A university spokesperson and the CEO of the University at Buffalo Foundation, the university’s private endowment fund, separately declined to provide copies of the foundation’s contracts with the headliners of this year’s Distinguished Speakers Series. Both also declined to provide any information about the contracts, including how the UB Foundation paid each speaker for their lectures.
Doug Sitler, a university spokesperson, said in an email to The Spectrum that the contracts “are not public information” since the UB Foundation is a private entity. Stacy Knapper, the CEO of the UB Foundation, said that the foundation “is not subject to the New York Freedom of Information Law and so must decline” The Spectrum’s request.
New York’s Freedom of Information Law (FOIL) allows private citizens to access government records, with certain exceptions. The UB Foundation is not subject to FOIL, but FOIL does not prevent the foundation from disclosing the contracts. The UB Foundation has complete discretion over whether to release the contracts or information about them, according to a UB press release.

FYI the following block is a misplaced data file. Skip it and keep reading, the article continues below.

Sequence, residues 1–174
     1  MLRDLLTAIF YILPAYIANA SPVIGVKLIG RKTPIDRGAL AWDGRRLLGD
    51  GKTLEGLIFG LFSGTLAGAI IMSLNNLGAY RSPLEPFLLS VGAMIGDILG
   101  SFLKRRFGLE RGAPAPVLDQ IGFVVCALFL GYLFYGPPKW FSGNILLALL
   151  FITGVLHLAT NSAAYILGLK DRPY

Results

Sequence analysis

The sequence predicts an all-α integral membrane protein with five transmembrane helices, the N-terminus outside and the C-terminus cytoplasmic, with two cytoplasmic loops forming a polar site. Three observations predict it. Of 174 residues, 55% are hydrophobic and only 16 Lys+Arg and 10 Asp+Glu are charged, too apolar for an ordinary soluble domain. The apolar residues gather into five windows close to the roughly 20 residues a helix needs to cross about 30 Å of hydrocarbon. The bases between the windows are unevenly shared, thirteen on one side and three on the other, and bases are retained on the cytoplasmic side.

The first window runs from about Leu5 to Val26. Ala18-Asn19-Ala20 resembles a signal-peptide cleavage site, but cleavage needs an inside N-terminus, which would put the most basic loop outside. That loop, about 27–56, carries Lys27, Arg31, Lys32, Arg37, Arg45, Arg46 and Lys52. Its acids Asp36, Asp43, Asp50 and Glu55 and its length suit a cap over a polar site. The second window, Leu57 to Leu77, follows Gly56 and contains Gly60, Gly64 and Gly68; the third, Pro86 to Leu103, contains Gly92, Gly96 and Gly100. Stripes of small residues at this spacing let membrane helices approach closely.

The Distinguished Speakers Series is funded entirely by ticket sales, sponsorships and foundation endowments, according to the university. No state funding or tuition revenue are used.
This year’s slate of speakers included Olympic gold medalist Aly Raisman, Pulitzer Prize-winning investigative journalist Nikole Hannah-Jones and TV wildlife conservationist Jeff Corwin. Winston Duke was expected to kick off the series, but his speech was rescheduled before being canceled altogether “due to a conflict with Mr. Duke’s filming schedule,” according to the series’ website.
A Spectrum investigation found that the UB Foundation paid then-former Vice President Joe Biden $200,000 to be a part of the 2018-19 Distinguished Speakers Series. Of that total, $190,000 was for the speech and associated events and $10,000 was for travel-related expenses.
The UB Foundation is the wealthiest nonprofit organization in Western New York and the largest in the SUNY system, according to The Buffalo News. The foundation held just over $1.3 billion in net assets in 2021, according to its 2020-21 audited financial statement.
Grant Ashley is a senior news/features editor and can be reached at firstname.lastname@example.org
Grant Ashley is the editor in chief of The Spectrum. He's also reported for WBFO, WIVB and The Buffalo News. He enjoys taking long bike rides, baking with his parents’ ingredients and recreating Bob Ross paintings in crayon. He can be found on the platform formerly known as Twitter at @Grantrashley.